While Prince Harry may soon take ownership of The Purple One’s old
Artist formerly Known as Prince title, today’s lesser-renowned streaming musicians have an opportunity to exploit all the bad spellers, confused voice assistants and fast trigger fingers out there. What if you clicked on a song by Tailor Swift when you meant to grab that song by Taylor Swift? Did your voice assistant bring up Genesys when you thought you were asking for Genesis?
You see, it all comes down to this geeky sounding thing called metadata. Some artists are uploading homonymic artist names and titles to cash in on Billboard 100-busting musicians’ royalties. Sarah McLachlan has wisely added the incorrect spelling of
Sarah McLaughlin to Spotify’s metadata, just to cover her royalty bases.
This next part may sound like Charlie Brown’s teacher droning on and on, but hang with me a sec. Metadata matters. When metadata, or the song’s fragmented credits—that information identifying ownership and who gets paid what amount from a copyrighted piece of music—is incorrect, billions of dollars are left on the table. Some industry estimates peg unclaimed royalties at $2.5 billion.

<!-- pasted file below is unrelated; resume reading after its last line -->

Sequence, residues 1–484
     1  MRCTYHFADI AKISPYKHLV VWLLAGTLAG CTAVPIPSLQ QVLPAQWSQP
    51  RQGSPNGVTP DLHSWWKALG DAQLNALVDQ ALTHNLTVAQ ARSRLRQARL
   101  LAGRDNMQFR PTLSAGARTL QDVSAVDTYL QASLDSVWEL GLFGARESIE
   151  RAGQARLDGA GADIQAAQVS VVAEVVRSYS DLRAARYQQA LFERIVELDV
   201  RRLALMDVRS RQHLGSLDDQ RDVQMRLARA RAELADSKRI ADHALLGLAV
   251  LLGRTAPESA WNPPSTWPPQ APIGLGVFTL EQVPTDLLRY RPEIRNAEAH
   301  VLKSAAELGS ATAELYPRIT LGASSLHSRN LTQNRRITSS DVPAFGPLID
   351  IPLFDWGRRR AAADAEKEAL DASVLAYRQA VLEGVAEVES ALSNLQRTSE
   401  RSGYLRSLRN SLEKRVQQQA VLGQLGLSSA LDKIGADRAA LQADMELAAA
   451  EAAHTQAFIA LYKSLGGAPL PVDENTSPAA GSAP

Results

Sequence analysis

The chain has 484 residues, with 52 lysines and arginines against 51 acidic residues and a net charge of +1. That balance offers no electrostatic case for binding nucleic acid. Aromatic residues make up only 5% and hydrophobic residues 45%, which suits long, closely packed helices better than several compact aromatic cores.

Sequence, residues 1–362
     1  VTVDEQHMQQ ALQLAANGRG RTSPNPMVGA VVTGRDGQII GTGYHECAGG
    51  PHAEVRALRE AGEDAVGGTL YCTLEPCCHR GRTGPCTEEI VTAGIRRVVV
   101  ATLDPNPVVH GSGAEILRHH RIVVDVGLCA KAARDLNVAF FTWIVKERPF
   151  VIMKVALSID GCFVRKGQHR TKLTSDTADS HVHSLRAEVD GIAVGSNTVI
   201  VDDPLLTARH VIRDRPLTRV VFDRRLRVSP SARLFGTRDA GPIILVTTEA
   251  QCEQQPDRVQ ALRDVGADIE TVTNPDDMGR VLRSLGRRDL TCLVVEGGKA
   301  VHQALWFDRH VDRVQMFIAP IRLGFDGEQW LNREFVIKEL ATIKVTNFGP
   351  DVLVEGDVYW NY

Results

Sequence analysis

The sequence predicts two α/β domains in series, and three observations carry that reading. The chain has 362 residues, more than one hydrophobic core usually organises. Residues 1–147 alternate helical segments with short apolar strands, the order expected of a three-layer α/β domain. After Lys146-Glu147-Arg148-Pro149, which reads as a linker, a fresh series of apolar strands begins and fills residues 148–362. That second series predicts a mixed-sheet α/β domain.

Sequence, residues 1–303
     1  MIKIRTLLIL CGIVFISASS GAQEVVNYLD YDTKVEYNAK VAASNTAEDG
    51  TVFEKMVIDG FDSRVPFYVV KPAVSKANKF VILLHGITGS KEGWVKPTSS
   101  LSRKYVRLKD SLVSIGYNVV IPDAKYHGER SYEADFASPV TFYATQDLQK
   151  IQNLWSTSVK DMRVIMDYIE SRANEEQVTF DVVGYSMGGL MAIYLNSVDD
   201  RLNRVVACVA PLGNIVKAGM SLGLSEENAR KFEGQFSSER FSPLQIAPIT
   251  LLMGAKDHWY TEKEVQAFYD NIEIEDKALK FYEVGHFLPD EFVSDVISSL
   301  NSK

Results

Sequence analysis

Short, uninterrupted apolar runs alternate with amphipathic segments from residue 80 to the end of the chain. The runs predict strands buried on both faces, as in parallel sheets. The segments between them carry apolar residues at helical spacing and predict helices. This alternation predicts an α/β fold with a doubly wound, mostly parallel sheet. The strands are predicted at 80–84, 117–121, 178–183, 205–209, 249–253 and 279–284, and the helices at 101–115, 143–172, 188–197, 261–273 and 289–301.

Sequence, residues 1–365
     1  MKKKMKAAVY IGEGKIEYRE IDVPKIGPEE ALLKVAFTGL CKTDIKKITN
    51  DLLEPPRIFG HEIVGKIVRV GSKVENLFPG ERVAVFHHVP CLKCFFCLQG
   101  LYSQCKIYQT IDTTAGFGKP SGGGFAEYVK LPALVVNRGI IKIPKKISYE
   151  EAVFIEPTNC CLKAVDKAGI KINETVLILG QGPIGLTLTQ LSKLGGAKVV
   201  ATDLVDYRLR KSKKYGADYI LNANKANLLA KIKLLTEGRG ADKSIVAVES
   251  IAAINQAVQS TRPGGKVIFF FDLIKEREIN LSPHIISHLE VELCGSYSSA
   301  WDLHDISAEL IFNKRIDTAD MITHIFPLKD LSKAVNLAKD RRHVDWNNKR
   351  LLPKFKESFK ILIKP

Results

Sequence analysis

Statista noted that as of 2017, the average song had 4+ writers and 6 different publishers. If just one of those 10 data points isn’t entered correctly into the database, no one gets paid. And it might be surprise you to know that there’s zero required uniformity in the databases between the streaming services.
Industry experts estimate up to 25% of royalty payments are either not paid to the publishers, or they are getting paid to the wrong entity altogether. One site, Taxi, even did the hard work of creating an infographic to break it all down. With just a glance, you’ll gain a fast education into the massive complexities of the rights and royalties payment decision tree.
Technology is trying to course correct. Swedish tech start-up Session, co-founded by two songwriters (one being an ABBA band member), launched
Creator Credits, an automated song and recording ownership tool that Avid embedded into their Pro Tools music editing software to simplify crediting the contributors. (From 2014 to 2018, YouTube also used Creator Credits to help creators to tag their collaborators, including intro music composers; in 2018 they discontinued Creator Credits when they launched their own proprietary version).
Until blockchain technology becomes the common denominator for tracking rights and royalties ownership, a standardized database amongst the streaming services with metadata validated by the owners seems an obvious next step in righting the music industry’s massive, costly, demoralizing wrong.